Here's a snapshot of some of the most important issues
for the residential construction industry.

A late welcome to 2016!

I want to tell you about something that might seem small but is actually a big victory for RESCON and other like-minded associations: the use of language that we employ by a well-known politician.

A headline in the Toronto Star caught my eye: "A game-changing week for John Tory: Analysis." The story focuses on Tory switching tracks for the Scarborough subway plan.

The key phrase that stood out to me was used by Councillor Josh Matlow: "evidence-based approach." He has used it before but seeing it repeated this week led to a revelation: I'm seeing an important phrase used by RESCON and most of our friends in the construction and infrastructure world.

When our colleagues in government choose our honest, appropriate language in conversations with us, that means we're doing something right.

But when these same colleagues use it in the media, that's proof that we're making an impact on the discussion and decision-making process.

If you have seen similar contagious language of the favourable kind, please let me know at media@rescon.com.

Speaking of helping others with language, I hope you enjoy the work we have done with the Consumers Council of Canada: this is an effort to give consumers a voice on residential intensification (see below). Plus I take exception with our industry being excluded from the Ontario's red tape program, Andrew Pariser offers his latest health and safety column on Ministry of Labour updates, and we have news from the Residential and Civil Construction Alliance of Ontario.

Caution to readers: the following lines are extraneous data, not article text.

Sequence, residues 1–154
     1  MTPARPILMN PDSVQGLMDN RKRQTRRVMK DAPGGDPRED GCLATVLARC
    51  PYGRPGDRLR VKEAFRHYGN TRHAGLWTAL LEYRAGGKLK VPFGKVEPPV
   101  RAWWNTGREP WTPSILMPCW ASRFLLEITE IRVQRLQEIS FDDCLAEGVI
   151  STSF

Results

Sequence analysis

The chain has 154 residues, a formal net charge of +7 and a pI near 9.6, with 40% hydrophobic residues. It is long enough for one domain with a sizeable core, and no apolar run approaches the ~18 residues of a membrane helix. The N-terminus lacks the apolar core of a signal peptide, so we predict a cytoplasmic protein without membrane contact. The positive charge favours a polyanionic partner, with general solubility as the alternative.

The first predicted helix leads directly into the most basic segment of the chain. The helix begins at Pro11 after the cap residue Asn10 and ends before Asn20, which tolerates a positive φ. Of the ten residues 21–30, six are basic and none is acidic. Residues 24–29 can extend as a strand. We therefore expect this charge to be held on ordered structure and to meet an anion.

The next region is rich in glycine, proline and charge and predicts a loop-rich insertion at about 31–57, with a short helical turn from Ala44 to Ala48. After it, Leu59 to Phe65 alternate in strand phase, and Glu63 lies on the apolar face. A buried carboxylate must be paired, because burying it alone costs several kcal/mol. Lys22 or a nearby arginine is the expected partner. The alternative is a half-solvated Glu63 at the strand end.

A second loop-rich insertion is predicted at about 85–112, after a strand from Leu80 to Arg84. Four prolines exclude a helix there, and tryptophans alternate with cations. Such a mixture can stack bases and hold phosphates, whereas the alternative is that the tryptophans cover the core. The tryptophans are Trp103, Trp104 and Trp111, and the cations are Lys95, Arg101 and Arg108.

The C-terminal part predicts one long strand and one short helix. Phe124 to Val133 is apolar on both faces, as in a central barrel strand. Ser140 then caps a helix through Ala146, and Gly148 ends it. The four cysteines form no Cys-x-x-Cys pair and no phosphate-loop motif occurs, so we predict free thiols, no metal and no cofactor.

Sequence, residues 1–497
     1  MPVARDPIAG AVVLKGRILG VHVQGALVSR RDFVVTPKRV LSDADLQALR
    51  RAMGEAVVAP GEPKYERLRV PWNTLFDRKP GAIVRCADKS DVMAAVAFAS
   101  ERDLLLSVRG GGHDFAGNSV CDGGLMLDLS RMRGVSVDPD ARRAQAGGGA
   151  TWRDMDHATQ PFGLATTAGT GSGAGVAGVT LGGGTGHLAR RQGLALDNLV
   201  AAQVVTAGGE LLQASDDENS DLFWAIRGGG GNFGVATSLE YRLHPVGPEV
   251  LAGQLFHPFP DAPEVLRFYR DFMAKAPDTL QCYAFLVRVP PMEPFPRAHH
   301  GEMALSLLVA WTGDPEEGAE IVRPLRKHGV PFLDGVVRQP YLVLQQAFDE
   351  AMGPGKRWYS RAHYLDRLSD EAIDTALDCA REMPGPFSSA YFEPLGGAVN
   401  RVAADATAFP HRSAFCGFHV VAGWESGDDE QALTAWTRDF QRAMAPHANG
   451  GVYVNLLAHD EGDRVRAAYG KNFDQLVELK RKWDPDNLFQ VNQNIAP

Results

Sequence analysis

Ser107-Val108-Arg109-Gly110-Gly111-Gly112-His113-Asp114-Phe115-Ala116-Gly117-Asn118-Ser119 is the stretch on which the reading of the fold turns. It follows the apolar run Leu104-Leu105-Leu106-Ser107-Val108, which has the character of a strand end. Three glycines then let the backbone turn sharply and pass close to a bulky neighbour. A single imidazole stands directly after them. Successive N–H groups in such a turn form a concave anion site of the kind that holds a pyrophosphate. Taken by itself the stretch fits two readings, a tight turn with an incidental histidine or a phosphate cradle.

Thanks, and enjoy the newsletter.


President,
RESCON

INTENSIFICATION:
Giving a voice to consumers, millennials


Millennials are the future of our economy. We have to think about them and all consumers of residential intensification when we think of the direction residential construction has to take. That's why RESCON partnered with the Consumers Council of Canada for a report that we believe gives them a voice on this critical issue.

Read Lyall's take here.

PROVINCIAL RED TAPE CHALLENGE:
Um, dude, where is residential construction?


The province wants to cut red tape to help businesses. It has picked a list of six important sectors. But guess what? Residential construction is not on it.

Read Richard Lyall's blog on the subject here.

Prez's take on the shelter affordability ratio


OK, so you may remember we had that big event with Minister Ted McMeekin and MPP Peter Milczyn at Ryerson University in December. However, Lyall's column in the HOMES Publishing e-newsletter is a worthy read to understand the potential impact of the Shelter Consumption Affordability Ratio (SCAR).

Read his column here.

HEALTH & SAFETY: Latest updates for MOL


As the chair of the health and safety committee for RESCON, association vice-president Andrew Pariser gives members an important update focusing on information bulletins, blitz results and hazard alerts.

Read his column here.

Construction cost overruns focus of report


Toronto think-tank the Institute on Municipal Finance and Governance (IMFG) recently held a panel discussion on construction cost overruns and more effective infrastructure planning. The panel is shown here at IMFG headquarters at the University of Toronto's Munk School of Global Affairs. From left are: Alan Broadbent, IMFG chair; Ehren Cory of Infrastructure Ontario; Dr. Enid Slack, director, IMFG; report author Prof. Matti Siemiatycki of U of T; moderator Andy Manahan of the Residential and Civil Construction Alliance of Ontario; and James Purkis of Metrolinx.

Click here for Siemiatycki's op-ed in the Globe and Mail.

Click here for his report.
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Vaughan, Ontario L4K 5V4